The two words commonly used for “one” in the greek NT are heis, and its irregular feminine version mia. It has been put forward by some that when the bible says an Elder or a Deacon must be the husband of one wife, what it really means is “at least one” on the strength that in a minority of cases, mia is translated as “first”, and that if the intent was for it to be only one, the word heis would have been used.
On the outset, it should be pointed out that heis has, in a minority of cases, been translated as ‘some’, so I suppose I would be writing something similar to this no matter which word Paul had used.
To address the mia = first business, um… first: The word is translated first 8 times. 7 times it is in the phrase “first day of the week”. There is awkwardness there because the Jews did not name their days like the Greeks did, (none of this moon-day or Thor’s day stuff) nor did they use a Greek contrivances to speak of “a week”. There was THE Sabbath, and there was one of Sabbath, (which we would call Monday). When speaking of days of the week they used both mia sabbaton and protos sabbaton to mean ‘Monday’. Protos sabbaton would mean “first (day) of the Sabbath”, while mia sabbaton would be best translated “(day) one of the Sabbath”. Both would have been used in that day and location, and both would have given the same information (… so you mean moon-day, right?); but to translate them both the exact same according to our more common English phraseology “first day of the week” leads to confusion. And to build a doctrine based on it is, I believe, dangerous.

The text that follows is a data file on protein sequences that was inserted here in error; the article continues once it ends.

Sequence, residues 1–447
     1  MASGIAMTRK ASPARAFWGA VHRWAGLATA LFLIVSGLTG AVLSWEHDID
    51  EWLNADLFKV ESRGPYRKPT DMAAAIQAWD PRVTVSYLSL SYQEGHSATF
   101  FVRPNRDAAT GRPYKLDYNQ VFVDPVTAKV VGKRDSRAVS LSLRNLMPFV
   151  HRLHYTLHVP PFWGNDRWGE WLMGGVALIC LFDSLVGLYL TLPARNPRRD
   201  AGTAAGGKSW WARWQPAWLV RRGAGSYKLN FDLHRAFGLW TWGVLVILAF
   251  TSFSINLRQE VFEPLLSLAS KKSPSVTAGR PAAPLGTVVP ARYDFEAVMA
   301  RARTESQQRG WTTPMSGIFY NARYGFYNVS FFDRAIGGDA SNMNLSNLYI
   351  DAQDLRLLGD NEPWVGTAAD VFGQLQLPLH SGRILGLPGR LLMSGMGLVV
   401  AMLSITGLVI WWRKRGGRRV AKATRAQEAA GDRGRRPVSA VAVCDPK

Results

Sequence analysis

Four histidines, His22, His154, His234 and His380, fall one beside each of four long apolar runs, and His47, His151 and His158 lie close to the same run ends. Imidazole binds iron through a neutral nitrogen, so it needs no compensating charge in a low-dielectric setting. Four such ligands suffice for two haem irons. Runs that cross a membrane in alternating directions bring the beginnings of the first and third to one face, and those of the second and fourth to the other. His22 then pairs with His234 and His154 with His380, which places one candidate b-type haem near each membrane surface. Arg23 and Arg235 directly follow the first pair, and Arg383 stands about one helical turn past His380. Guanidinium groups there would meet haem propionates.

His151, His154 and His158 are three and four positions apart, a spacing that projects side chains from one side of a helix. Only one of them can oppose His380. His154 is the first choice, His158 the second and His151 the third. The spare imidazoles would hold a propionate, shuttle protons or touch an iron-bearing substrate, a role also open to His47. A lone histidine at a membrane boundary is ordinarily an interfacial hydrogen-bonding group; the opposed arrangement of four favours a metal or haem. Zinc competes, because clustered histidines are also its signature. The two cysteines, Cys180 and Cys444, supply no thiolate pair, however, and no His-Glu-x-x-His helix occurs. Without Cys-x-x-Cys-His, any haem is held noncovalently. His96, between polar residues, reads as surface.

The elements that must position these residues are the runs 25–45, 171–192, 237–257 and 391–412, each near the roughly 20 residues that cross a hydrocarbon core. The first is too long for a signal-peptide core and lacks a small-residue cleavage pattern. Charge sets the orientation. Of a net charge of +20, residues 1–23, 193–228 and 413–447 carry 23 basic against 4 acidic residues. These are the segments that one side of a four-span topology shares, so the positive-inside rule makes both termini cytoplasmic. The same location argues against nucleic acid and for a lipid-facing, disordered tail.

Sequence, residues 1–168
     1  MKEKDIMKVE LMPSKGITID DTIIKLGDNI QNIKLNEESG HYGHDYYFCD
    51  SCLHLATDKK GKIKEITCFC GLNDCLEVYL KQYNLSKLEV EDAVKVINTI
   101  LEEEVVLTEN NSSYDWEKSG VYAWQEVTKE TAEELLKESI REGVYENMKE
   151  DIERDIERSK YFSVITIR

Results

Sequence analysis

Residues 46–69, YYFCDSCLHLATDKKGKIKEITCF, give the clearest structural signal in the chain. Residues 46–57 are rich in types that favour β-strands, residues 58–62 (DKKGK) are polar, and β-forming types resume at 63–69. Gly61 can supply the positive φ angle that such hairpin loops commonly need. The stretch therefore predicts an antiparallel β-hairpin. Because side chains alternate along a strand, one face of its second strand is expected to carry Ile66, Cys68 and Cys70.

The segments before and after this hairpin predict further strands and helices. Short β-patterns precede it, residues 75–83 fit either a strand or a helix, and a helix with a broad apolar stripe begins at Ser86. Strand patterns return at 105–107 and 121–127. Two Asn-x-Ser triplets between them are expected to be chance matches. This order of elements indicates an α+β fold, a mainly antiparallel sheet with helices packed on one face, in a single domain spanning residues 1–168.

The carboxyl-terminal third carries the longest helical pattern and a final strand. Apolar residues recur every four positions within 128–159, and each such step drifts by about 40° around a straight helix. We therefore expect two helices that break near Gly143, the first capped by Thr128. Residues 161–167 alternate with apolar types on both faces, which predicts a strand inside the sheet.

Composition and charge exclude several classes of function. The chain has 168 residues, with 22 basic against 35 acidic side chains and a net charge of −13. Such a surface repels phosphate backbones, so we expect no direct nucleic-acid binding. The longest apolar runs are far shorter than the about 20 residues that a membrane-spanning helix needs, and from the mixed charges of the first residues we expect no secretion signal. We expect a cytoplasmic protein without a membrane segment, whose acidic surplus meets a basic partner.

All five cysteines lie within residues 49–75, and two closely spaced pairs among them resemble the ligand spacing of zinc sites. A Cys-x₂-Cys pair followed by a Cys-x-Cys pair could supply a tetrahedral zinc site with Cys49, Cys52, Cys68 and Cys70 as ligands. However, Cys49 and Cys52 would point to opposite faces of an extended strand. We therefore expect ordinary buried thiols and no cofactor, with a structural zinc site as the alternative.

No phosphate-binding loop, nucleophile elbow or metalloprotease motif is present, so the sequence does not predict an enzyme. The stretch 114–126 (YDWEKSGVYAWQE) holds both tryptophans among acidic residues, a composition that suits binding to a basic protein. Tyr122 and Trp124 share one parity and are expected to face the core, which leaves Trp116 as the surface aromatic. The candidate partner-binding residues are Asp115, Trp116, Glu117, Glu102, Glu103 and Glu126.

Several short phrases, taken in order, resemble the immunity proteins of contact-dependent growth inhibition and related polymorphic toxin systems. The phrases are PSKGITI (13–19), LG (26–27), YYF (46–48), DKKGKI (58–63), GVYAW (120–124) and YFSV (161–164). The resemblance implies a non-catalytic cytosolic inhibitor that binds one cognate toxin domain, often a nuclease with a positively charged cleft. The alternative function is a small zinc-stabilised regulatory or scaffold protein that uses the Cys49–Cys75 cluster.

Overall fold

Titus 3:10 Therefore gets to stand alone as (in some translations) as rejecting a divisive person after “a first and second admonition” . My belief is that warning them “once and again” is a closer approximation, given the rest of scripture’s use of the word.
Now onto the math!
Matt 5:18 mia = heis
Matt 17:4 mia + mia +mia = Three (also in Mark 9 and Luke 8)
Matt 24:40 Two – heis = mia
Matt 24:41 Two – mia = mia
2 COR 11:24 40 – mia = Traditionally 39. Mentioning for category completion.
Gal 4:24-25 mia covenant + Jerusalem’s covenant = Two covenants
Rev 9:12 mia woes + two woes = three woes (not all in this verse, but read it, yo)
Somebody has the algebra skills to figure out the mathematical values for mia and heis. I won’t spoil the surprise.
Now, if you’re still looking to make mia mean “one or more”, I would also like you to read Ephesians 4:4-5 and tell me exactly how many hopes of our calling and baptisms are in view here.